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Movie review: “The Croods” a fantastic animated journey

Rated PG. 91 minutes. At area theaters

The following observation comes with apologies to the Geico Caveman:

Full of code-enabled visual artistry and infused with story-telling wisdom, “The Croods” is epochs ahead of its fear-driven cave-dad Grug.

And yet, the family that leaves their cave out of necessity and embarks on a journey in DreamWorks’ latest animated feature turns out to be a touching poster clan for the joys and pangs, risks and rewards of evolving.

Co-directors and co-writers Kirk DeMicco and Arvada native Chris Sanders have avoided the obvious while delivering the delightful.

The terrain Grug (Nicolas Cage) and family traverse is utterly new and comes with fresh dangers.

Yet, if there is a villain, its name is “Fear.”

The hero? Curiosity.

Emma Stone gives voice to the movie’s central protagonist, Eap, the teenager who’s starting to bristle at her father’s rules.

Eap has a hankering to go toward the light. And that doesn’t mean demise but quite likely its opposite.

When she meets a guy named Guy, she begins to see the possibilities. The first most telling one being that there is another (albeit more advanced) human walking around.

Voiced by Ryan Reynolds, Guy is inventive — and alone. He has a pet sloth named Belt and a looming sense that the world is coming to an end. He, too, is headed toward the light.

Guy becomes a guide to the possible.

Too bad that Grug’s favorite words are, “No, no, no and no.” His go-to mantra: “Fear is good. Change is bad.”

Truth is Grug’s extreme caution and out-sized strength have served his family well. They are the only cave family still standing.

The movie kicks off with a furious and coordinated chase for breakfast, with Grug, wife Ugga (Catherine Keener), mother-in-law Gran (Cloris Leachman) and kids Eap, Thunk and the ferocious toddler Sandy in a mad, wild dash for the day’s sustenance. The family that preys together, well, survives.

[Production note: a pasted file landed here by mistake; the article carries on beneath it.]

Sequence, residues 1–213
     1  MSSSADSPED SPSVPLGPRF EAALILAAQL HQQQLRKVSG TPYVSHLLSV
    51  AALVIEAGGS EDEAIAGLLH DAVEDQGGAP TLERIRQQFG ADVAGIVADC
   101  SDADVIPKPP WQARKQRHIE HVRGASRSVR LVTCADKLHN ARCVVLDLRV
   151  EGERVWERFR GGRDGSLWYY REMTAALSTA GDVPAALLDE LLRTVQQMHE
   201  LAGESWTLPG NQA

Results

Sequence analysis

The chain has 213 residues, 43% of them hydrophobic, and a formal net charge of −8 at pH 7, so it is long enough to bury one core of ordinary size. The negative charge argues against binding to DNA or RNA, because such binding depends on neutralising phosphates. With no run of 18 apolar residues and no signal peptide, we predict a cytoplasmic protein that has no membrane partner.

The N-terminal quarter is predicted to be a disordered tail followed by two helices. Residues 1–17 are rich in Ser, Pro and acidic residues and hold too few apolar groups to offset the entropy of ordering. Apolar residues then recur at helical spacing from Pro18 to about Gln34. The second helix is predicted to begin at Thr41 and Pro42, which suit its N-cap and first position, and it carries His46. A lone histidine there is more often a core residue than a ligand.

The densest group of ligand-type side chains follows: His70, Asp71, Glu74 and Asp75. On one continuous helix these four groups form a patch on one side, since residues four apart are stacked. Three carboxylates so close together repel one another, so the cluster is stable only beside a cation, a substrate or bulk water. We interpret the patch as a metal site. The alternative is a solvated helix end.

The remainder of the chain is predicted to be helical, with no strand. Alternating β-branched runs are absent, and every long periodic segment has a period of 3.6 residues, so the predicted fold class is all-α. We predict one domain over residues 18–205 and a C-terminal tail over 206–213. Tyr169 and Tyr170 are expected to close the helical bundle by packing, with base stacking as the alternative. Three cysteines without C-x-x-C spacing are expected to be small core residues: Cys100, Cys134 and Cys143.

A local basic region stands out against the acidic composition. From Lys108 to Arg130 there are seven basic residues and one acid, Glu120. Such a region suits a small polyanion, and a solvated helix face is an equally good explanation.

Of course they are not alone in this amazing race. Nor are they solely predators.

Populated with strange and imaginative beasts, “The Croods” rebuffs typical ideas about the animals that roamed eons ago. At least one resembles a Maurice Sendak creature. Where the wild things are indeed.

A flock of seemingly demure pink birds takes wing to become a mesmerizing swarm, swooping and wheeling in spellbinding unison. In this world, being spellbound is not always a good thing.

“The Croods” comes with some “Avatar” moments of 3-D oohs and awe. Yet the movie never feels derivative. It captures the wonder (and more gently, the anxiety) of discovery time and time again. And the filmmakers have a hoot playing with the Croods’ encounters with, as well as their misunderstandings of, all things new.

The writing is swift, clever. Yet, DeMicco and Sanders never overstate their jokes. The story unfolds in a nearly wink-free realm. OK, there is a running gag about mothers-in-law. The routine is familiar up to a point. When it tips over, what a pleasure.

Eap’s narration bookends the action. But this hero’s journey doesn’t belong to one character. This is the saga of advancing as humans.

When the ground shakes and the lava flows in new fissures and canyons, curiosity and problem solving trump fear; heart matters more than brawn. And even art and play have their role in survival.

Lisa Kennedy


Mile High Mamas
Author: Mile High Mamas

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  1. My kids really want to see this. Glad it’s a winner.

  2. We’re planning to go see this over break. It sounds great!

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